The crisis afflicting NHS Grampian has intensified with the early retirement of chief executive Richard Carey following the resignation of the chairman, Bill Howatson.
There seems to be a breakdown of confidence, morale and trust between senior management and medical practitioners.
It is difficult to determine to what extent underfunding has aggravated staff shortages and the combined effect of both has led to growing problems. Claims by the Scottish Government that funding is not an issue, however, are not credible. The Audit Commission has identified severe underfunding over a number of years. The Institute of Fiscal Studies highlighted recently that while health spending in England has increased in real terms and the extra funding has been passed to the Scottish Government through the Barnett formula, spending has not risen as much in Scotland. Added to that populist policies like abolishing prescription and parking charges have diverted money away from the clinical budget.
Problems of recruitment and retention of key staff have been highlighted for some time now. It has been suggested that consideration should be given to paying an Aberdeen weighting. This would mean an automatic increase in funding to allow for this.
However, given the crisis we are now facing, urgent measures are needed to recruit a new management team and to provide it with the resources to tackle the crisis and address the problems and shortfall. This clearly requires the Scottish Government and NHS Grampian to work together to give not just NHS staff but also patients the confidence the system needs.
Oil and gas needs simpler tax system
As we approach the autumn statement of Government tax and spending plans for the coming year, the oil and gas industry is hoping for solid progress towards recognising the challenges the industry faces.
As we all know tax revenues have been declining with falling production and rising costs. The Government have produced tailor made tax breaks to unlock individual projects and published the Wood Review to encourage co-ordination within the industry and unlock connected discoveries which could otherwise be uneconomic to develop.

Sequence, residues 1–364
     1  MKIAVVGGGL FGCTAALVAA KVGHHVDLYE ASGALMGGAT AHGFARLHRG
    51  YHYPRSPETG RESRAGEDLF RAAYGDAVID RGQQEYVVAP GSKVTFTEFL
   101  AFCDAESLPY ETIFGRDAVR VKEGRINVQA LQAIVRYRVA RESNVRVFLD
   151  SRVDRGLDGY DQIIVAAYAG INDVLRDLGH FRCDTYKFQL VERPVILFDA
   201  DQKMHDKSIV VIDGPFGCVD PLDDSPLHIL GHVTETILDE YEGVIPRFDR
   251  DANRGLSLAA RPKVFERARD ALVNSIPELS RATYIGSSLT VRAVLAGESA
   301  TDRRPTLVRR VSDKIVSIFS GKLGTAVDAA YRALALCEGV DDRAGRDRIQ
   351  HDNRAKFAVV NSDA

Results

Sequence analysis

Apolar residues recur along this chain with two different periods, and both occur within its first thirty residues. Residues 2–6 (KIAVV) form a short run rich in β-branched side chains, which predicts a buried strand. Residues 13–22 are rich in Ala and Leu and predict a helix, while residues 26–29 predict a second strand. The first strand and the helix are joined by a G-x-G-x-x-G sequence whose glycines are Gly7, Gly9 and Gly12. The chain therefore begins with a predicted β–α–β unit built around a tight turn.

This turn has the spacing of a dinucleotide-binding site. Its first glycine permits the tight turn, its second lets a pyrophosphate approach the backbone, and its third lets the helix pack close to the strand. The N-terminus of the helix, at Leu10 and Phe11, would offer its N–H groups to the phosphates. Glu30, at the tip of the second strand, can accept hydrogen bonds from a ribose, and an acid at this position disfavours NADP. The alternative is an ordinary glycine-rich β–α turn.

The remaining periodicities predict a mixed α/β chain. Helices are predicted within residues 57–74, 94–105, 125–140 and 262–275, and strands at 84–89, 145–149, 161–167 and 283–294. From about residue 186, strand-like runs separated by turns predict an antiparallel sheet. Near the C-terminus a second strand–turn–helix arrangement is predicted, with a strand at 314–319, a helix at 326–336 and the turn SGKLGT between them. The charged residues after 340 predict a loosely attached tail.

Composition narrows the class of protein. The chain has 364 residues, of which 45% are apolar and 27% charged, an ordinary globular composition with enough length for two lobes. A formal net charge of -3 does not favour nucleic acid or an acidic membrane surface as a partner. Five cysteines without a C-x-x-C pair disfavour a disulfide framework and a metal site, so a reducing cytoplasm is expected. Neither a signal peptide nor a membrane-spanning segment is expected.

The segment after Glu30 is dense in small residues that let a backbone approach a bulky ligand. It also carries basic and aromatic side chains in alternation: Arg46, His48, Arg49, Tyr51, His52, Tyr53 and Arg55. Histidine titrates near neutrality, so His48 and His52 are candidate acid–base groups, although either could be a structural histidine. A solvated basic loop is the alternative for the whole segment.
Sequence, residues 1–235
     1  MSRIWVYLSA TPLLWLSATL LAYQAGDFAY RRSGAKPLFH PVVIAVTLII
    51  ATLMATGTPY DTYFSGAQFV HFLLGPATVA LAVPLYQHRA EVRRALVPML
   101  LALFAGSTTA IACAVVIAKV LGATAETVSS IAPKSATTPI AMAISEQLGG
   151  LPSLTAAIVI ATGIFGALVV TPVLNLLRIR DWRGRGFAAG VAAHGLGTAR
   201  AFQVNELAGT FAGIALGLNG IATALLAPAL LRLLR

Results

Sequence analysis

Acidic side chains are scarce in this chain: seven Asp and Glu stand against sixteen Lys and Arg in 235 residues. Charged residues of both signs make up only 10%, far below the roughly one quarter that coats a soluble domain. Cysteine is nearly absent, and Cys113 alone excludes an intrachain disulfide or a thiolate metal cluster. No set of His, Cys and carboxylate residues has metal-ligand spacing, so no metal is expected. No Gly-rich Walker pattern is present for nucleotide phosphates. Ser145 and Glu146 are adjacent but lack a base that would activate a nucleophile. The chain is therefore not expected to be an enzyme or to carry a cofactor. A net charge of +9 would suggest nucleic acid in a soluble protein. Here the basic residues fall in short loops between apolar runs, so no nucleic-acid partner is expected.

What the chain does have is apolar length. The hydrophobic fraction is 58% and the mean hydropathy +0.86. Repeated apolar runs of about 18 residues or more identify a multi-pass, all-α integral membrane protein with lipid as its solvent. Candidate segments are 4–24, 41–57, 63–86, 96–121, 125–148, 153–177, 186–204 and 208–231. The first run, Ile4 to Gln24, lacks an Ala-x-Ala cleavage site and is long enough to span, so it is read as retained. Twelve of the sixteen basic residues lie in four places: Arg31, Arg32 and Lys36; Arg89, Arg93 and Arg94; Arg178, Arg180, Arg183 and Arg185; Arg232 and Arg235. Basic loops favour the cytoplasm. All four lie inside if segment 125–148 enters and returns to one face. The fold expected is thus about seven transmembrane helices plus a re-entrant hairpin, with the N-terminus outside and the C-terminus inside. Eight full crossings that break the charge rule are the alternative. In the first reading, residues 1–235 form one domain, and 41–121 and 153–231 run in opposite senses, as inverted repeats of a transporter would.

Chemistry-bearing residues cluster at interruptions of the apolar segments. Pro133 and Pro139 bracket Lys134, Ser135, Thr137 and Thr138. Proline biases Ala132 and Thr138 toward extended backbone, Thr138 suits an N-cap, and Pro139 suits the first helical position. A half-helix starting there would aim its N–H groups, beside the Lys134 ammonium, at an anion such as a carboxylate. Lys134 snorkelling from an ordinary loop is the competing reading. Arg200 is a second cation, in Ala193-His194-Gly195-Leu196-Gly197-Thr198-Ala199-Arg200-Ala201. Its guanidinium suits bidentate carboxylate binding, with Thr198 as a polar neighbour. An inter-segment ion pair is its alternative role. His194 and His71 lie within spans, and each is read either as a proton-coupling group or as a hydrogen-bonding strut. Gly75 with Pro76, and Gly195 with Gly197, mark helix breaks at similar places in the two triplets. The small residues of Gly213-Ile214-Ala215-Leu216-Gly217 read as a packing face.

As a result we have had a peak in capital investment. Nevertheless, the outlook looks less rosy. A number of companies are reducing their holdings in the North Sea. Redundancies have been announced and more are likely. Given the skills’ shortage across the industry it is likely affected individuals will be re-employed but not without stress and uncertainty.
On top of this, the oil price has been falling from a peak of approaching $120 to a possible $80. For a high cost and mature area like the North Sea this is challenging. Of course the industry had to take steps to put its own house in order with some suppliers facing a margin squeeze. I have been impressed with the way the Government has been able to negotiate with individual companies and stimulate investment. However, we need a simpler, more transparent system if we are to attract investment from other lower cost, simpler tax regimes.
Prescribing GPs and their patients need fair treatment
A court case which had successfully challenged NHS Grampian’s decision to allow GP prescribing for the Methlick and Pitmedden surgeries threatens once again the future of the GP service in Tarves.
Although the provision of prescription is separate from the surgery provision the shared overheads make a difference to this rural practice.
After the original decision was taken to end prescribing at Tarves and Pitmedden, GPs closed the Tarves surgery which was re-opened when Pitmedden prescriptions were re-instated. Now this is up in the air again.
In the middle of a bigger crisis NHS Grampian had opened a very short consultation on the situation. The community council have called for a longer period and I and North East MSP Alison McInnes support this. Our prospective Parliamentary Candidate, Christine Jardine has been able to attend meetings on our behalf.
More importantly we need clearer policy guidelines on community pharmacies and prescribing GPs in rural areas.
I understand and support the improvements community services can provide but these count for little if it weakens the other health service provisions people in rural areas receive - such as access to a GP surgery.
Let us hope we can get a better outcome than the present court decision threatens.